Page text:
It's time to stick up for journalism.
The battle for safe food is not over, despite the defeat in California.
California's Proposition 37, which would have made it mandatory to label foods containing ingredients from genetically modified organisms (GMOs), was narrowly defeated on Nov. 6 as a result of a $46 million fear-mongering propaganda campaign funded mainly by the biotechnology and food-processing industries.
These engineered foods have never been demonstrated to be necessary or safe, and scientific studies not funded by industry consistently find in them safety problems with serious implications for human health. That's why they are essentially banned in the European Union.
Some argued that the California measure was unnecessary because organic GMO-free foods are labeled as such, and therefore consumers can simply choose to buy those. But such a libertarian argument falls from its own weight, given that polls show that the great majority of U.S. consumers are unaware that there are vast amounts of GMO foods out there.
Surveys show that Americans would avoid GMO foods if these were labeled. An ABC News poll showed that 93 percent of Americans want GMO foods labeled.
But Monsanto, DuPont, Pepsi and Kellogg scared a small majority of voters into falsely believing that labeling genetically modified products would raise food prices.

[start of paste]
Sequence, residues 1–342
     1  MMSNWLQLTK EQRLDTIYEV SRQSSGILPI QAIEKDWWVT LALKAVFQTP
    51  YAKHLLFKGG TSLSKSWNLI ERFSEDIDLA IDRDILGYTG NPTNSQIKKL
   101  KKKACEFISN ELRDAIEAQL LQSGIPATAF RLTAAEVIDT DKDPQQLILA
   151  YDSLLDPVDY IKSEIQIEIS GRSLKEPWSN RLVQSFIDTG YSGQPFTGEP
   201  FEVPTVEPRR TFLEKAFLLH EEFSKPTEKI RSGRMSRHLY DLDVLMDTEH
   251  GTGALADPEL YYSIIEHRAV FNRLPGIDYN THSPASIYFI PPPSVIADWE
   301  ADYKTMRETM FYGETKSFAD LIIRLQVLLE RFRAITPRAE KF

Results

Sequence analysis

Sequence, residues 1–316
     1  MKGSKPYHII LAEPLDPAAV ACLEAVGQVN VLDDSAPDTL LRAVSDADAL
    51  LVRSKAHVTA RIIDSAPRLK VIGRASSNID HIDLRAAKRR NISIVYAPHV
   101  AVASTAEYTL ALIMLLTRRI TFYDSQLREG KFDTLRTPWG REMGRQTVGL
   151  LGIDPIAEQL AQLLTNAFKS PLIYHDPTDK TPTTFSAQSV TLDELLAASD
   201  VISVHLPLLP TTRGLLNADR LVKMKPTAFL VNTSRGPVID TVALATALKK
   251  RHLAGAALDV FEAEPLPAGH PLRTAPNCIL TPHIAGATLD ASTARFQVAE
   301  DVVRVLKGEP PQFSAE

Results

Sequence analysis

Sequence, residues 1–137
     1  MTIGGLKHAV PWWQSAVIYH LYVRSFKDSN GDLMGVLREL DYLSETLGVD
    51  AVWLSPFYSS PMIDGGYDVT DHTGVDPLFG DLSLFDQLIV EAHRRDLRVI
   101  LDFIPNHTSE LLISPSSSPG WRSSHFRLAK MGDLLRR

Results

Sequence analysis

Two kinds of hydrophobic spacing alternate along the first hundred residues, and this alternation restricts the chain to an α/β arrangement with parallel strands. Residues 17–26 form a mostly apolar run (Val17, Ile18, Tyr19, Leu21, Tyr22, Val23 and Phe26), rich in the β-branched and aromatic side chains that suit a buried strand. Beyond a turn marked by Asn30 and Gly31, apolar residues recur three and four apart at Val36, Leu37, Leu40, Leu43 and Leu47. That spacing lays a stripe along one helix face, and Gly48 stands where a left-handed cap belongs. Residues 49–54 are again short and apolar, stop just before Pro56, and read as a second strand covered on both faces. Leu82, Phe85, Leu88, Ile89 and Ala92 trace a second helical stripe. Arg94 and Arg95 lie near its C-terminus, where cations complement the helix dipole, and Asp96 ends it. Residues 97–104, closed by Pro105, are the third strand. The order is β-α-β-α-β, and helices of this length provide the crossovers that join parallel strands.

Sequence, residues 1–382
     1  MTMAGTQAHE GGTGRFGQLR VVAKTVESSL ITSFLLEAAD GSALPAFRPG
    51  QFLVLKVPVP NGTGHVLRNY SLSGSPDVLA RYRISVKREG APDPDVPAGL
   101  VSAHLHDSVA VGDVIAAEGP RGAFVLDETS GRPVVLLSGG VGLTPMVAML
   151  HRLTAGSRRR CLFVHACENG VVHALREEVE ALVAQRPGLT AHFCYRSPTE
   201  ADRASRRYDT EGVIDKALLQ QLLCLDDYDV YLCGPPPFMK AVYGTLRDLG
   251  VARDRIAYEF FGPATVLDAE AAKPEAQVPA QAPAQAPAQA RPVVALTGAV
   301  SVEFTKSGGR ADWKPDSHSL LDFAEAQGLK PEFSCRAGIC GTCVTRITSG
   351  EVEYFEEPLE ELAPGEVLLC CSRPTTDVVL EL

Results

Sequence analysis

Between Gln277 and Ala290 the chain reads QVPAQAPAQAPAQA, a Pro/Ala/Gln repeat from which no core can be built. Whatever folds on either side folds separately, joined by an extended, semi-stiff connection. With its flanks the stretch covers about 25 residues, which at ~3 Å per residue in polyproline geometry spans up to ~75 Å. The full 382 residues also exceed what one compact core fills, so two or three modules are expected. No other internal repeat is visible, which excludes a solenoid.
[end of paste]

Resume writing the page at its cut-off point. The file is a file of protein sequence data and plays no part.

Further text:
Big Food and Big Biotech are celebrating their California victory, but the fight is not over -- not by a long shot.
Even as Proposition 37 was being defeated on Nov. 6, the voters of Washington state's San Juan County voted to prohibit the planting of GMO crops. And unfazed by the defeat in California, Washington residents are now busy gathering the 320,000 required signatures for a statewide referendum on GMO labeling.
Additionally, consumer rights groups are working for labeling in 30 states and have united as the Coalition of States for Mandatory GMO Labeling.
At the national level, a petition to Congress demanding the countrywide labeling of GMOs has received more than 52,000 signatures. A similar petition by JustLabelit.org addressed to the Food and Drug Administration has more than 1.2 million signatories.
As more and more Americans become concerned about what's in their food, the popular demand for labeling genetically modified organisms will only grow louder.
Carmelo Ruiz-Marrero is a Puerto Rican author, journalist and environmental educator. He can be reached at email@example.com.
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